It’s a shame that Sebastian Faulks’ masterful new novel, A Possible Life (Henry Holt), released in mid-December, came out as late in the year as it did. Between the end-of-the-year lists and the holidays, it seems likely that the book won’t get as much attention as it might otherwise. But A Possible Life was one of my favorite books of 2012 (as briefly mentioned in my end-of-the-year round-up last week), so while it’s technically January 2013, I had to write about it.
A Possible Life is a series of five disparate novellas that jump back and forth in time from the 19th century to the near future. But wait, you say, isn’t that just what David Mitchell did in Cloud Atlas, way back in 2004? And yes, you are right. There is more than one similarity between the two novels, although Faulks forgoes the nested chapters of Mitchell in favor of straightforward sections. However, were I to recommend but one of the two, it would be A Possible Life—and it wouldn’t be a hard decision to make.
I know that may sound like heresy, as Mitchell’s widely-praised book has developed more than a cult following over the years, leading to the beautiful but flawed film by the Wachowski siblings last fall. But I’ve read both books within the past year, and while I like and admire Cloud Atlas, I enjoyed A Possible Life even more.
Faulks’ book starts with the tale of Geoffrey Talbot, an English schoolmaster in 1938. Within a few pages, Geoffrey has left his position to join the army, where he’s quickly sent to France as a spy. He’s arrested and shipped to a concentration camp, where he must reassess everything he thought he knew.
Then the book moves on to Billy Webb, whose family ships him off to a Dickensian poorhouse in 1859. Billy succeeds in building a life and a successful business but finds himself torn between two women. There’s the tale of Elena Duranti, a neuroscientist in a recession-decimated Italy who discovers the secret to self-awareness in the middle part of this century; Jeanne, an orphaned servant in 1820s France whose religious devotion is all she has; and the American Anya King, a Joni Mitchell-esque troubadour in the 1970s, whose story is told by her producer and lover, Jack.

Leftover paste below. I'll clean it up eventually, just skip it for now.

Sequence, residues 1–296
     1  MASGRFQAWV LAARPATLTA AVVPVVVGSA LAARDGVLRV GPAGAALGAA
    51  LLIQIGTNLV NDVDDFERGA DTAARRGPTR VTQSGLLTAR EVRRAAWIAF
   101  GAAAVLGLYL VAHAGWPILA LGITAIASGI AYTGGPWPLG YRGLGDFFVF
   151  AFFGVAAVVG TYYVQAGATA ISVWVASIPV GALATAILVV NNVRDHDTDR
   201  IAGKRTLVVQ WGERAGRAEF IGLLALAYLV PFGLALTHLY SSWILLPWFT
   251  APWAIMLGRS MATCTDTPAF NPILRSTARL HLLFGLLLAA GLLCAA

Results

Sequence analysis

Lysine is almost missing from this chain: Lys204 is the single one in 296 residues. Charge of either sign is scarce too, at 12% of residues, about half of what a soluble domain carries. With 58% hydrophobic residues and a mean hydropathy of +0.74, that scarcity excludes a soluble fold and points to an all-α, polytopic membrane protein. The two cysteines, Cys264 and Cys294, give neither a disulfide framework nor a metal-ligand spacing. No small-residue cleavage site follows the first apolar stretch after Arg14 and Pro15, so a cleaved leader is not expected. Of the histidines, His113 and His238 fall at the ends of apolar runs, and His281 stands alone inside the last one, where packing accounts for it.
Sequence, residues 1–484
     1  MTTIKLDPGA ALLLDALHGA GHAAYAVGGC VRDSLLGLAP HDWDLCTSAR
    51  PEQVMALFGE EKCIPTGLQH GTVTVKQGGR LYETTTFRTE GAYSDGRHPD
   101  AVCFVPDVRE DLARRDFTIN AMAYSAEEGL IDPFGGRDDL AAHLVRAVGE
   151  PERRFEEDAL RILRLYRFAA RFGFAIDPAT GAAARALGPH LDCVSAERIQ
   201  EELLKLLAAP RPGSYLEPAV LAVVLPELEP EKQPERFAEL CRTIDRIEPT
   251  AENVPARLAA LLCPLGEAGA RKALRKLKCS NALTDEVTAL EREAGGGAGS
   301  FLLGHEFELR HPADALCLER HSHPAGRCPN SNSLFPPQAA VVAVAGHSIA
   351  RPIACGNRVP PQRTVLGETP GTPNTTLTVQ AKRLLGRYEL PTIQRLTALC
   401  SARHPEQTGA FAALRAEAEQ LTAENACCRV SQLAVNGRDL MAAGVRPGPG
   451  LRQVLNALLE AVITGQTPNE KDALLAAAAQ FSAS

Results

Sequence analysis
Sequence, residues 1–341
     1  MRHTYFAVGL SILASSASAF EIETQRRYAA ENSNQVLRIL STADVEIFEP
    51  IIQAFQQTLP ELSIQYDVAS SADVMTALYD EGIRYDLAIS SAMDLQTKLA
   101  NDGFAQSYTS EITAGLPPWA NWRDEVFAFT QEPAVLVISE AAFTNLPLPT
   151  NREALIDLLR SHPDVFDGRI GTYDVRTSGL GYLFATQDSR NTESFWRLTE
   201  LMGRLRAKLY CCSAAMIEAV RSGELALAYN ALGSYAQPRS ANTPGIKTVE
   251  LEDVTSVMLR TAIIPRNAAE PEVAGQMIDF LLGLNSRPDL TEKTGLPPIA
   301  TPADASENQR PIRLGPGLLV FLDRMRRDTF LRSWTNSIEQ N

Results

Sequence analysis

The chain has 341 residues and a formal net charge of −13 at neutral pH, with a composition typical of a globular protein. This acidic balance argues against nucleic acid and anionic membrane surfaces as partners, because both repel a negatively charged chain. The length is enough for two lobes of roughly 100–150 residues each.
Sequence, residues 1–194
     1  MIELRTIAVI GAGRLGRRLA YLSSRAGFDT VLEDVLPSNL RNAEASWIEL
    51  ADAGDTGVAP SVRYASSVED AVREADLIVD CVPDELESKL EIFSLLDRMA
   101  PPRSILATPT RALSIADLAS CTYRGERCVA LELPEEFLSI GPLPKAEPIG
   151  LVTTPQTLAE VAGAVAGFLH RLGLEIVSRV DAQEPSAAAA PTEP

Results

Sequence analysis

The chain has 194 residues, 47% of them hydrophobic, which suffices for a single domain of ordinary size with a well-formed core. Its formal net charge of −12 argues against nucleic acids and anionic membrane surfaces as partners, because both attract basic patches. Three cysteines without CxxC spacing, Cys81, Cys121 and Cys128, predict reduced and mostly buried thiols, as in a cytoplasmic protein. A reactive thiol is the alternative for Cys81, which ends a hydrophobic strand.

This sounds rather glib in its recounting, but the five tales are nothing short of mesmerizing. Faulks plays with narration and voice, although thankfully not to the extent that Cloud Atlas does (which, to me, felt almost gimmicky at some points). Yet it’s his stark prose that really propels the compressed narratives along, like in this passage in which the teenage Elena finds out her father has suddenly died:
“Elena sat down in the kitchen. My father is dead. He who only a few minutes ago was living. The rest of time, she thought, starts now.
“She went out into the stony field, knelt and lowered her face between her knees. She picked up handfuls of soil and let them trickle between her fingers onto her bowed head. She had been snatched up violently and did not recognize the place where she had been put down. She lifted up her eyes to the hills, as though some help might be there; but all she sensed was how long it would take to realign herself to this new world.”
It’s a spare, beautiful passage that exposes the crux of what it means to grieve, and it’s very matter of fact. At times, Faulks’ narration seems almost journalistically dispassionate, yet there’s so much emotion in these tales that it can be overwhelming.
A Possible Life is both subtle and profound. There’s no obvious connection between all five pieces, although there are recurring motifs; Faulks told NPR recently that he’d like readers to think of the book as a symphony, in which distinct movements create a whole.
Still, the core of the book is the thematic repetitions throughout: What does it mean to love? What is the essence of self? Would our lives turn out the same no matter what choices we have made?
In the last section, there’s somewhat of an answer to these questions—Anya sings, “‘Another life would be the same/My heart existing by different name’”—but I won’t state with certainty that this is Faulks’ own answer. Besides, that would take all the fun out of it. Really, you just need to read it for yourself.